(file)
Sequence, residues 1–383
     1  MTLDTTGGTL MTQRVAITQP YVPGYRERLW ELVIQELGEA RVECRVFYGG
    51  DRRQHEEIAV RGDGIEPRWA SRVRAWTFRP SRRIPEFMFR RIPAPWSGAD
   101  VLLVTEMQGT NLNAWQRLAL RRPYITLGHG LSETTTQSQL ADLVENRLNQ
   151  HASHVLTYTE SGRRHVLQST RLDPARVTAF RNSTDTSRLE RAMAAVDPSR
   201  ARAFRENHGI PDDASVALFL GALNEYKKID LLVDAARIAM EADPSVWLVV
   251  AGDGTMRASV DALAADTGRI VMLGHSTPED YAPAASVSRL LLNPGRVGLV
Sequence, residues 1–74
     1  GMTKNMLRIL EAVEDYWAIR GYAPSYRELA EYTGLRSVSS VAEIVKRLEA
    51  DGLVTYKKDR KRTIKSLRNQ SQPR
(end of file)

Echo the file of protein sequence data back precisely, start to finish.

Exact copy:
Sequence, residues 1–383
     1  MTLDTTGGTL MTQRVAITQP YVPGYRERLW ELVIQELGEA RVECRVFYGG
    51  DRRQHEEIAV RGDGIEPRWA SRVRAWTFRP SRRIPEFMFR RIPAPWSGAD
   101  VLLVTEMQGT NLNAWQRLAL RRPYITLGHG LSETTTQSQL ADLVENRLNQ
   151  HASHVLTYTE SGRRHVLQST RLDPARVTAF RNSTDTSRLE RAMAAVDPSR
   201  ARAFRENHGI PDDASVALFL GALNEYKKID LLVDAARIAM EADPSVWLVV
   251  AGDGTMRASV DALAADTGRI VMLGHSTPED YAPAASVSRL LLNPGRVGLV
Sequence, residues 1–74
     1  GMTKNMLRIL EAVEDYWAIR GYAPSYRELA EYTGLRSVSS VAEIVKRLEA
    51  DGLVTYKKDR KRTIKSLRNQ SQPR